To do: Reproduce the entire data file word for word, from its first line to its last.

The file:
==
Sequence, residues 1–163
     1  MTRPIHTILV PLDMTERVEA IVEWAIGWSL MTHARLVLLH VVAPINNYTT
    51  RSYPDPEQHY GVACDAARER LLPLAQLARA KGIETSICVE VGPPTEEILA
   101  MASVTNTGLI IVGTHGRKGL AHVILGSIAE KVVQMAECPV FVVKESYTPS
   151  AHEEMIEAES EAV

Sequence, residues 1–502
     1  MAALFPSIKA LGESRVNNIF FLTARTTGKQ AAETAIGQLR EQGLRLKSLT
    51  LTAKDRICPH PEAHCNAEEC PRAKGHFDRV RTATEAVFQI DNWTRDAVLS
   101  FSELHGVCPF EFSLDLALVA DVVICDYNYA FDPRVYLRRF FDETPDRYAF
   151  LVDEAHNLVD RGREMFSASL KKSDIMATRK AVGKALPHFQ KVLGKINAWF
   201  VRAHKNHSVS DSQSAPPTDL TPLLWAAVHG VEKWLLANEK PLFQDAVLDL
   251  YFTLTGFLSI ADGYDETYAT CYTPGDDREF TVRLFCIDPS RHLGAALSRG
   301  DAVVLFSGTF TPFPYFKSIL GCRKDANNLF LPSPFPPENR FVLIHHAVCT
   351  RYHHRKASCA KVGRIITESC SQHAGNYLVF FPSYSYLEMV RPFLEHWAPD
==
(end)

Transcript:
Sequence, residues 1–163
     1  MTRPIHTILV PLDMTERVEA IVEWAIGWSL MTHARLVLLH VVAPINNYTT
    51  RSYPDPEQHY GVACDAARER LLPLAQLARA KGIETSICVE VGPPTEEILA
   101  MASVTNTGLI IVGTHGRKGL AHVILGSIAE KVVQMAECPV FVVKESYTPS
   151  AHEEMIEAES EAV

Sequence, residues 1–502
     1  MAALFPSIKA LGESRVNNIF FLTARTTGKQ AAETAIGQLR EQGLRLKSLT
    51  LTAKDRICPH PEAHCNAEEC PRAKGHFDRV RTATEAVFQI DNWTRDAVLS
   101  FSELHGVCPF EFSLDLALVA DVVICDYNYA FDPRVYLRRF FDETPDRYAF
   151  LVDEAHNLVD RGREMFSASL KKSDIMATRK AVGKALPHFQ KVLGKINAWF
   201  VRAHKNHSVS DSQSAPPTDL TPLLWAAVHG VEKWLLANEK PLFQDAVLDL
   251  YFTLTGFLSI ADGYDETYAT CYTPGDDREF TVRLFCIDPS RHLGAALSRG
   301  DAVVLFSGTF TPFPYFKSIL GCRKDANNLF LPSPFPPENR FVLIHHAVCT
   351  RYHHRKASCA KVGRIITESC SQHAGNYLVF FPSYSYLEMV RPFLEHWAPD